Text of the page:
By: Barry Wireless
Video game censorship is a hot topic amongst gamers, those who purchase games, and those who wish to curtail the rise in violent video games. A recent wave of legislation has placed this topic front and center in the video gaming industry. Many states are banning offensive games; some countries are even preventing the sale of x-rated video games. Although legislators have good intentions when it comes to controlling the substance kids see on the game screen, it's still hotly contested whether censorship is necessary and/or will work to prevent violent games from a) falling into the hands of the young impressionable minds, and b) preventing the distribution and creation of violent video games.
On one hand you have video game censorship, defined as: the use of state or group power to control the playing, distribution, purchase, or sale of video games (this includes any system and console.) One would be hard pressed to argue against some of their intentions of preventing kids from playing and purchasing games that include objectionable content like the recent GTA 4: San Andreas that included a hidden sex game for your enjoyment. However, does censorship actually prevent kids from playing games? Certainly censorship in itself doesn't prevent individuals from playing games, but it does make it harder for someone to purchase. This could influence some video game designers to halt the production of questionable games, i.e. rampant murder of law enforcement officials, sexual innuendo and/or sexually explicit material, etc., but ultimately the idea of full blown video game censorship will never work. To curtail the huge industry of video gaming that has reigned with free-reign since inception is next to impossible. In reality, developers will respond to one thing and one thing only: the market.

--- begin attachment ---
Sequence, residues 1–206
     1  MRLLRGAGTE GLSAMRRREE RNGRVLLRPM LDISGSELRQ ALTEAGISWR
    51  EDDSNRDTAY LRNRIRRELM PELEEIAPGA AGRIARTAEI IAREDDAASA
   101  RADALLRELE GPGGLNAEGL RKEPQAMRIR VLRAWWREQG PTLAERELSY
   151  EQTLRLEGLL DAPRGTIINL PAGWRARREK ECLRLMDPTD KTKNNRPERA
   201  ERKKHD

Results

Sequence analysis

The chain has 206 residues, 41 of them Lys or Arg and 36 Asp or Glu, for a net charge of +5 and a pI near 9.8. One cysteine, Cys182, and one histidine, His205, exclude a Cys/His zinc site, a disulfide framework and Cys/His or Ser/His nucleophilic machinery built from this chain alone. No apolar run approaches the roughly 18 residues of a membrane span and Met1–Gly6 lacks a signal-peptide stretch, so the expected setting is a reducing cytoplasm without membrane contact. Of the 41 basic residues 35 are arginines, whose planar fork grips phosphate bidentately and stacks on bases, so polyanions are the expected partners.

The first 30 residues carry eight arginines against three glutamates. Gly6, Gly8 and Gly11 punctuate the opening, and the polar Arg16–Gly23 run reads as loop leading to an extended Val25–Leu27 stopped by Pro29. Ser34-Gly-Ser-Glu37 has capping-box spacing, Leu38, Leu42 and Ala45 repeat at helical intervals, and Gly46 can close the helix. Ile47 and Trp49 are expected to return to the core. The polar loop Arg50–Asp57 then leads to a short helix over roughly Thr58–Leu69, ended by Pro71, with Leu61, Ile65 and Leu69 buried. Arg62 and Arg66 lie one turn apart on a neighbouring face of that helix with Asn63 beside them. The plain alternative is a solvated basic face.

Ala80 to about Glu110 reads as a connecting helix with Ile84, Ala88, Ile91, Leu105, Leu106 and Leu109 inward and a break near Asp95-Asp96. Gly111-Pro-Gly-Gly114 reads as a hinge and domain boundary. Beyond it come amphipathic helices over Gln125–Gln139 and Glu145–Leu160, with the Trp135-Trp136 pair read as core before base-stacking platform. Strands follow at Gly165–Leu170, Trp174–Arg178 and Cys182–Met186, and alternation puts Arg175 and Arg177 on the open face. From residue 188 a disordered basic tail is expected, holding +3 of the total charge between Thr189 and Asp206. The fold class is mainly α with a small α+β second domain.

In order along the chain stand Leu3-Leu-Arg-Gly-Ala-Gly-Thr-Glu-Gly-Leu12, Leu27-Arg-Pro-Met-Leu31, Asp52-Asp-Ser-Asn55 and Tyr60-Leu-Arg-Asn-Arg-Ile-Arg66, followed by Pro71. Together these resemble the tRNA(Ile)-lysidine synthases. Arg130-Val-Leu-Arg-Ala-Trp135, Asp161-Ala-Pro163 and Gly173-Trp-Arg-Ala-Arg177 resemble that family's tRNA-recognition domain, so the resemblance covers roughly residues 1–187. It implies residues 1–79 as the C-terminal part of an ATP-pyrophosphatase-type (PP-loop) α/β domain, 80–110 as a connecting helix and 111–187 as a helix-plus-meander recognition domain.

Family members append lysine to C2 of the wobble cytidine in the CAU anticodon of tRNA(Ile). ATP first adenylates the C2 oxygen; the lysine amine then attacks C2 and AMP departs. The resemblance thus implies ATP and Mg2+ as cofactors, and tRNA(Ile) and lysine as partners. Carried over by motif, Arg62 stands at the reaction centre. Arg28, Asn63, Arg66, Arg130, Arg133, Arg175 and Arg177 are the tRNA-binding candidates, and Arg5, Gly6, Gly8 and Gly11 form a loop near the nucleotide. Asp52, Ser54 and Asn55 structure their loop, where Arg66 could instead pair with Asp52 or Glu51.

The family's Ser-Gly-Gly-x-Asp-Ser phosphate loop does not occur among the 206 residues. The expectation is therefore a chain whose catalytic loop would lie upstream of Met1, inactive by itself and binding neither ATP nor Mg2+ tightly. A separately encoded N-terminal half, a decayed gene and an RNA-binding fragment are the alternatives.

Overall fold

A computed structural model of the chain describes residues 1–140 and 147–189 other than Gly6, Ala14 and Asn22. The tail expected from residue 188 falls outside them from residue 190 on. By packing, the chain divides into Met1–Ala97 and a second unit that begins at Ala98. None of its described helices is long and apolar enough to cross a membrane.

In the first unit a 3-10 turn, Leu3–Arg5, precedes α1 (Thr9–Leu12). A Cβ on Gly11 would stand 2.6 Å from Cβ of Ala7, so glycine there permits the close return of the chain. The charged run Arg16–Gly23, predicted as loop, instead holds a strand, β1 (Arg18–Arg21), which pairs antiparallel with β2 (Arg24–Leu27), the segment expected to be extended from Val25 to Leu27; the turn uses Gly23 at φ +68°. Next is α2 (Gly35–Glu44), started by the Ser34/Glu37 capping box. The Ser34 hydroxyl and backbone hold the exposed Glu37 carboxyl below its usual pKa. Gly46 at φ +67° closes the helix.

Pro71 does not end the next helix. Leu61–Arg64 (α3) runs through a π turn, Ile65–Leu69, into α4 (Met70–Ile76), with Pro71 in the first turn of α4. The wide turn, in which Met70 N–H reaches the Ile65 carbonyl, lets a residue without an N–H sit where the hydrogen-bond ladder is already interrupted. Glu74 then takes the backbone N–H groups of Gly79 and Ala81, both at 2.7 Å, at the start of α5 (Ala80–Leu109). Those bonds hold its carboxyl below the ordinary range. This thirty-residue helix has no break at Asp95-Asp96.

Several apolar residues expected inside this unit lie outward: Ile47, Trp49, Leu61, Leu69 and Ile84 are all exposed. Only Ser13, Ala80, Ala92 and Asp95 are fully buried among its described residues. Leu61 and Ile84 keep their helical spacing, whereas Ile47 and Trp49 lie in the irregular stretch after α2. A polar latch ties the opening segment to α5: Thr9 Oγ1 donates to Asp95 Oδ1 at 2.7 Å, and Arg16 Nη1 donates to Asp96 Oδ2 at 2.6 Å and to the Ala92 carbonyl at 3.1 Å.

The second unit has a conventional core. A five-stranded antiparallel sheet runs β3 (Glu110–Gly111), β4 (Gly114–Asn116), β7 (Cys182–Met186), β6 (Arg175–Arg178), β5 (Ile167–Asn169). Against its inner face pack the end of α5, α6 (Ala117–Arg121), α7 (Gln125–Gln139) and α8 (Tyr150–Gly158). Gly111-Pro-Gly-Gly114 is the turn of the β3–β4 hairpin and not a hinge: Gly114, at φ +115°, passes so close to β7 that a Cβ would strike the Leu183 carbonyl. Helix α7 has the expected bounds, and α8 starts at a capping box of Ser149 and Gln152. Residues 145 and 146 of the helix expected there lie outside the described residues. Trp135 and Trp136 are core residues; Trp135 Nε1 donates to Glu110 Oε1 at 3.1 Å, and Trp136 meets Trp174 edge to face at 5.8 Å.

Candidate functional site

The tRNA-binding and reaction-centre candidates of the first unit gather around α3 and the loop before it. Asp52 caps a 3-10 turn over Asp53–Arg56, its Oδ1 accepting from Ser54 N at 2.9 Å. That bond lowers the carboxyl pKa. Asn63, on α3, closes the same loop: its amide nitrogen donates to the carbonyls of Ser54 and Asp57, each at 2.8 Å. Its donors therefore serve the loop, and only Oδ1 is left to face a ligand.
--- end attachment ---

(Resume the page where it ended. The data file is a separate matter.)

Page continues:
Kick and scream all you want for what are probably valiant causes, however, it is the buying market, the consumers, you, who will ultimately dictate which games are produced. If Grand Theft Auto and the similar violent games continue to sell well, then don't expect that type of content to leave any time soon. People are playing and enjoying these games, and if underage gamers end up playing would this not raise questions about adult supervision-parenting-more than censorship? Certainly so, therefore maybe a lesser form of censorship, one that is already prevalent in the movie industry, could be introduced with greater success. To combat underage players from gaming on games rated 'M' for mature or higher, institute a 'no sale' policy. Kids can't go in and see 'R' rated movies, why should they be able to purchase 'R' rated games? The questions continue to fly back and forth from both parties, as for and against censorship advocates pit their arguments against one another. Ultimately this writer will argue that the only thing that will shift gaming content in this capitalist society where game developers have enjoyed free reign is you, the gamer, the parent who buys, the consumer.
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